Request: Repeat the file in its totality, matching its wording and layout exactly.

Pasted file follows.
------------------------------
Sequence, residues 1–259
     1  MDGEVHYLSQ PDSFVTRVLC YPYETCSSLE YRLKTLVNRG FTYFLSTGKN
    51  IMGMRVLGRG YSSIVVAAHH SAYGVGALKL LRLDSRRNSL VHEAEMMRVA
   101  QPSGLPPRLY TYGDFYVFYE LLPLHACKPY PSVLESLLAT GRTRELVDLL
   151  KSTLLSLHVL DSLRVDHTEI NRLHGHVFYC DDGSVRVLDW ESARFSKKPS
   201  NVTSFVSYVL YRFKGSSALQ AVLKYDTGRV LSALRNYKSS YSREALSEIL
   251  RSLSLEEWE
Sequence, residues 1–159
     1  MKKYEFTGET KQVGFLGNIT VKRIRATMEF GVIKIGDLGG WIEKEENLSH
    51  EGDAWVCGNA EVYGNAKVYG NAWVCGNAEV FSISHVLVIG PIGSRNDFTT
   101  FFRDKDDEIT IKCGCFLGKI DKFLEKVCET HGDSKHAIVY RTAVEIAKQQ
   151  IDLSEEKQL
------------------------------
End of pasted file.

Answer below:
Sequence, residues 1–259
     1  MDGEVHYLSQ PDSFVTRVLC YPYETCSSLE YRLKTLVNRG FTYFLSTGKN
    51  IMGMRVLGRG YSSIVVAAHH SAYGVGALKL LRLDSRRNSL VHEAEMMRVA
   101  QPSGLPPRLY TYGDFYVFYE LLPLHACKPY PSVLESLLAT GRTRELVDLL
   151  KSTLLSLHVL DSLRVDHTEI NRLHGHVFYC DDGSVRVLDW ESARFSKKPS
   201  NVTSFVSYVL YRFKGSSALQ AVLKYDTGRV LSALRNYKSS YSREALSEIL
   251  RSLSLEEWE
Sequence, residues 1–159
     1  MKKYEFTGET KQVGFLGNIT VKRIRATMEF GVIKIGDLGG WIEKEENLSH
    51  EGDAWVCGNA EVYGNAKVYG NAWVCGNAEV FSISHVLVIG PIGSRNDFTT
   101  FFRDKDDEIT IKCGCFLGKI DKFLEKVCET HGDSKHAIVY RTAVEIAKQQ
   151  IDLSEEKQL